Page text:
Q: It must have been particularly galling that there was no response in the second half after you laid down the law at half-time?
A: I totally agree that we fell away badly in the second half, and that is particularly frustrating. Despite playing so well in those first three games that we really should have had nine points, I’m realistic enough to know we are not going to turn it on like that every week. We are going to be second best sometimes, but it was the way we were second best I simply can’t accept. I didn’t see the body language I normally see, or the endeavour. But we know what we have to improve on, and we will do it. We are very hard working behind the scenes, and the players work extremely hard on the training pitch. We have just got to get it right, and we will.
Q: At least you’ve got a clear week now before the next game, so that’s good from a preparation point of view, isn’t it?
A: It is, and we all know the importance of reacting positively to these last two results. If you lose one game here, it feels like the end of the world. We don’t lose many, but I have said that before, so you can only imagine how everyone is feeling after losing two. It is a feeling of devastation. I keep asking for a sense of realism. If things continue like today, then clearly something will have to be done. But we do need a bit of time to adapt, and it is very early. I would rather find out now what we need to do than at the back end of the season. We are very aware of the task ahead and what needs doing, and the players are very aware of what is expected of them. They have been told that today.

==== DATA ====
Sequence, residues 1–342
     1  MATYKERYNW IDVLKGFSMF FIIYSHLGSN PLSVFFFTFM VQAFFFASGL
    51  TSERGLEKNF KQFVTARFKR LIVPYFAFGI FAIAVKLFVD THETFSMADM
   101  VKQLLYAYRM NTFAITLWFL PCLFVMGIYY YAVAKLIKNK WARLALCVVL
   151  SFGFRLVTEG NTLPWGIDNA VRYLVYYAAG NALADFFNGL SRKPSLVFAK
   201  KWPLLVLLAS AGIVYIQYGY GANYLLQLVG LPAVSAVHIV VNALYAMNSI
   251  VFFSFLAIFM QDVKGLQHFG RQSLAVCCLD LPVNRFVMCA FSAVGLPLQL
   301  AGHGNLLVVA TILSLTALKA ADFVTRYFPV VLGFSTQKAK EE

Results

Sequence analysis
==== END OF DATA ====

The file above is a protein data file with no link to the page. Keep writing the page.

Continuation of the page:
Q: Playing out from the back is an integral part of your approach and has served us well, but are you concerned it could have led to three further goals being conceded, had Boston been more clinical?
A: Yes. There is nothing worse than when a team plays out from the back and doesn’t get it right. It looks horrific. We always encourage our teams to play through the thirds. I won’t deviate from that, but what I will do is educate my players about how and when to do it. Today, we didn’t do it at the right times. That may have been down to a lack of confidence. If so, I will have to address that, because we have to be mentally strong. When a team are working as hard and pressing as high as Boston were today, a bit of common sense has to come into it. I’m not asking my players to play from the back when it’s not on. I’m asking them to be aware of when they can do it and when they can’t. It’s down to their judgement. I know it’s not easy, or every team would be doing it, but we have shown in previous games we are capable of doing it and turning it to our advantage. It’s about finding the right balance and playing sensible football. We can’t lose our identity or abandon our beliefs, and I won’t allow that to happen. It is so important we learn as we go along. I’m learning every game. The players must learn very quickly what they need to do and take on board what we are doing in training.
Q: Can you give us an injury update?
A: Connor Hampson was in real pain after injuring his hand in the second half. I heard a crunch when he landed on it, so I just hope he hasn’t broken anything, though we won’t know until it is checked out. We sent Ben Harrison with the Reserves today just to help build up his match sharpness. I was hoping Shaun Densmore might have been ok today, but he wasn’t quite ready. Lloyd Bannister is coming into the fray. His registration has come through, so let’s see how he trains this week. Lack of game time is the only worry there. Likewise, James Poole just needs game time. He looked great in training the other day, and we are missing that type of player, or at least we did today. We lacked a bit of creative spark. It’s just frustrating that people who have come to support us at home have not seen the best of us, whereas those on the away trips probably have. It is deeply frustrating, because I know my players can produce so much more than was on show today.